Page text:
Mule Deer Bonanza!
Stalking prairieland mulies with master guide Duane Nelson is a rewarding experience!
Note From Chuck: The following story details my hunt for a high-horned Alberta mule deer in the early 2000’s. I do not bowhunt with outfitters unless legally required, but my friend Duane Nelson is a “hands-off” kind of guy who lets me stalk ahead as I would on a non-guided hunt. Duane still guides mule deer archers today, I can recommend him to anyone who wants a giant Canadian buck.
Four 5x5 bucks fed above me barely 30 yards away. I could see their antlers and the outline of their bodies through the grass. But I couldn’t get a clear look at the one I was after. As usual, the big boy was in the rear.
I glanced at Duane Nelson and shrugged. My friend was behind me on another hilltop. Like all great bowhunting guides, Duane was hanging back to let me make the final stalk.
The bucks edged toward me around the brow of a hill. I crouched lower, the 10X binocular glued to my eyes.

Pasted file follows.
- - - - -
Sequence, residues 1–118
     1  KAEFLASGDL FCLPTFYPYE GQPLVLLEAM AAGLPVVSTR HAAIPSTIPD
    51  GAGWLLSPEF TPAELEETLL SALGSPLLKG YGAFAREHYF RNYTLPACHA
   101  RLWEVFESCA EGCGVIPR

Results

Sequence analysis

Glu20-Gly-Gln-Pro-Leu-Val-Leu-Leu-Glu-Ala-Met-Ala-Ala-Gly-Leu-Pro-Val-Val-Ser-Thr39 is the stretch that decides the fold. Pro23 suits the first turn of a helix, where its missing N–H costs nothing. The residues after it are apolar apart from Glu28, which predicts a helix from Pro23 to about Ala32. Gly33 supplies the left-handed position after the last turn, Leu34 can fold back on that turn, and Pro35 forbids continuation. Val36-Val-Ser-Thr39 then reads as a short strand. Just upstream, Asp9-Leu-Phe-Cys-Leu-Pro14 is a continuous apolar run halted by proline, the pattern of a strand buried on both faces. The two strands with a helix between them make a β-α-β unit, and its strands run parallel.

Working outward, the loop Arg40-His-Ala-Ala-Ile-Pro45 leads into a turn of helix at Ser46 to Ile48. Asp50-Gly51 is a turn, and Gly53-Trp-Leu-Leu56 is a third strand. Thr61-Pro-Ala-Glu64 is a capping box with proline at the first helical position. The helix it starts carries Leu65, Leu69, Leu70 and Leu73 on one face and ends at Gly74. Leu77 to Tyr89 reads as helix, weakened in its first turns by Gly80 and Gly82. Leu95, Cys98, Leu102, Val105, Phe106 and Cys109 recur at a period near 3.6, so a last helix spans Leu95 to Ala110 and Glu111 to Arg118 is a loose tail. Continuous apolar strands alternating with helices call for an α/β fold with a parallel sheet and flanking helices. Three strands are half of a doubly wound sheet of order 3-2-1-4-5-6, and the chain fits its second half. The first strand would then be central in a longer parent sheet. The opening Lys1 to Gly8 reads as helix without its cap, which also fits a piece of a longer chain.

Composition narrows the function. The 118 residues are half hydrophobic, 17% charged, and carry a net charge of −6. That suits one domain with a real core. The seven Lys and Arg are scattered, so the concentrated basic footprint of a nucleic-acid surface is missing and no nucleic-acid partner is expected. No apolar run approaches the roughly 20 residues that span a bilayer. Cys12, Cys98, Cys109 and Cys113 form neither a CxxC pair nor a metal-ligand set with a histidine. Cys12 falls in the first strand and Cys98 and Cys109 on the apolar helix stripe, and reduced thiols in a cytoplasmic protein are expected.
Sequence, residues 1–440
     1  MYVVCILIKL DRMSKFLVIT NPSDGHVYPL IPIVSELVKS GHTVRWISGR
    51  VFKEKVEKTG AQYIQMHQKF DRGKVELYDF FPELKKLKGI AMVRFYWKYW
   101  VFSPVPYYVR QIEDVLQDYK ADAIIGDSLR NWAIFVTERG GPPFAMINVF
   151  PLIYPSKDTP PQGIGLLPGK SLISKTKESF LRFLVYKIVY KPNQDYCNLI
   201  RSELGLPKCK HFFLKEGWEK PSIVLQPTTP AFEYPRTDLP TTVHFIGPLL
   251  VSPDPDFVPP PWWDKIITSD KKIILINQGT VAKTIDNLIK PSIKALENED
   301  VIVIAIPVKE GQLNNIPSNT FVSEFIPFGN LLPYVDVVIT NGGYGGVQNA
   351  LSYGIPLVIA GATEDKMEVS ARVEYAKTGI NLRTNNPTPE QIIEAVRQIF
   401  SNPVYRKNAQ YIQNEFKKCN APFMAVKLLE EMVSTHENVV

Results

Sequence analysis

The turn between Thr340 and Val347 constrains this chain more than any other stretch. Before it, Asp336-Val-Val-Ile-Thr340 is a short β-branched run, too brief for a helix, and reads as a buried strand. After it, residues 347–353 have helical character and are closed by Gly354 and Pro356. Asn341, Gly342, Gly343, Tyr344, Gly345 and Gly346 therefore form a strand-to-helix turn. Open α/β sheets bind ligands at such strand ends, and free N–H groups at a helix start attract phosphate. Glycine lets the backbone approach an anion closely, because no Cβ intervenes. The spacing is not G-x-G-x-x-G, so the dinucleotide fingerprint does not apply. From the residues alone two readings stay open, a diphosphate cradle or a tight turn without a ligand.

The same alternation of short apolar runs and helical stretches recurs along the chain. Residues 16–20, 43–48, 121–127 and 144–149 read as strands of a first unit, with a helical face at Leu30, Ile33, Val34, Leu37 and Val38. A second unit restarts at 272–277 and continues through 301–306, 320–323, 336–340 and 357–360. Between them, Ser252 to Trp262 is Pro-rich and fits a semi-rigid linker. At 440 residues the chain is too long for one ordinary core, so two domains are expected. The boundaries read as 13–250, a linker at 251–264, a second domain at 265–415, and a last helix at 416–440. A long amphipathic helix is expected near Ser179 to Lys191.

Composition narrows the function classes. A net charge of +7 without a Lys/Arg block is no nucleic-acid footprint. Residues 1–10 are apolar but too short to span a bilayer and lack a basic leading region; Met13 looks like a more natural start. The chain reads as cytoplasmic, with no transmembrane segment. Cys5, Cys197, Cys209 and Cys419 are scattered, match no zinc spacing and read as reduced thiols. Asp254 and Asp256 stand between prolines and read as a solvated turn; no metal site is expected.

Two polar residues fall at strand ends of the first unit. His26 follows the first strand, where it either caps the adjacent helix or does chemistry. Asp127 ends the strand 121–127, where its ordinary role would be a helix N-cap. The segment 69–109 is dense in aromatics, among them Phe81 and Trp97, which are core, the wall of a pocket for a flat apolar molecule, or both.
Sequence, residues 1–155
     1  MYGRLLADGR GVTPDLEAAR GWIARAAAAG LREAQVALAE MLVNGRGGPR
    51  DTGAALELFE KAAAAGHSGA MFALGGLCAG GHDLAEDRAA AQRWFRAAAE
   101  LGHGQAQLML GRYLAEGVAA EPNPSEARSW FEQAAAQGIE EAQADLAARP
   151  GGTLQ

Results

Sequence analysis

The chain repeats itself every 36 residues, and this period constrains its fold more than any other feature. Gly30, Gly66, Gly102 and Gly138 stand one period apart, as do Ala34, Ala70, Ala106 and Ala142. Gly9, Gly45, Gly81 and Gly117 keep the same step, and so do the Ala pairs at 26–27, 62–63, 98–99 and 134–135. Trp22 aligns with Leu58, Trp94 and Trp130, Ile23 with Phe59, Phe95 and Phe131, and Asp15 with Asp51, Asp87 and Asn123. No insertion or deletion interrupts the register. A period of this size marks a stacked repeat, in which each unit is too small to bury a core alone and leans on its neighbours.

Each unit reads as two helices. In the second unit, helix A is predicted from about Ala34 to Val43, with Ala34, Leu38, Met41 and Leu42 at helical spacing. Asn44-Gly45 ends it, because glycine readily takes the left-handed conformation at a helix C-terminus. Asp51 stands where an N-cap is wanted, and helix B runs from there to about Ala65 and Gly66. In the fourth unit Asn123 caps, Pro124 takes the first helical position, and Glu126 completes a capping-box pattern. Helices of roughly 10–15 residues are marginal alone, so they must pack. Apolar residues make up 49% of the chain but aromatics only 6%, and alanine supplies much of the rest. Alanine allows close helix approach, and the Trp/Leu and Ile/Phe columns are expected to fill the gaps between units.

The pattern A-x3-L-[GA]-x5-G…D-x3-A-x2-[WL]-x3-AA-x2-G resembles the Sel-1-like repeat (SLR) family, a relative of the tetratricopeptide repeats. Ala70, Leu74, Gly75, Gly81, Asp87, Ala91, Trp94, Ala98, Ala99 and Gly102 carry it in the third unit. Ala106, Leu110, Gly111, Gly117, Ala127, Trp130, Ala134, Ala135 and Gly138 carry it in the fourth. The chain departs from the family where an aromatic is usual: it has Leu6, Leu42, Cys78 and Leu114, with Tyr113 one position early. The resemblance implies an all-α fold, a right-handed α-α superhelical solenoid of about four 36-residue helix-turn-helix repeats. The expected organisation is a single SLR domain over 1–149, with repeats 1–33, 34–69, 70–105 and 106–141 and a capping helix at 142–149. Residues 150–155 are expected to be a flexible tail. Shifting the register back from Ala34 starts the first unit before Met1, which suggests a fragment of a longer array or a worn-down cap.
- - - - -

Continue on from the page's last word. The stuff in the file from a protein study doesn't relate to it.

Suddenly, the biggest buck strolled into crystal-clear view. His 5x5 rack glittered like the mouth of hell in the autumn sunlight, a massive and long-beamed work of art. The forks were deep, the brow tines more than three inches long. But there was a problem. The right main beam was short, ending abruptly only six inches beyond the front fork. I relaxed. The potentially 180-inch buck would score no more than 165 or 170. That’s 20 or 25 inches above the archer’s record-book minimum, but I believed I could do even better during the six-day hunt.
Seconds later, the wind faltered and fanned the back of my neck. The bucks vanished like smoke in a nearby ravine.
What an amazing place to bowhunt mule deer! Where else could an archer pass up a 170-inch 5x5 at 25 yards? As I trudged back to Duane, I thanked my lucky stars.
I’ve known Duane Nelson for over 35 years. This famous Canadian outfitter personally guided me to my first Dall sheep and first mountain caribou in 1985. We quickly became friends. Since then, I have taken another sheep, two moose, several caribou, and several mule deer with Duane. We hunt together like a well-oiled machine.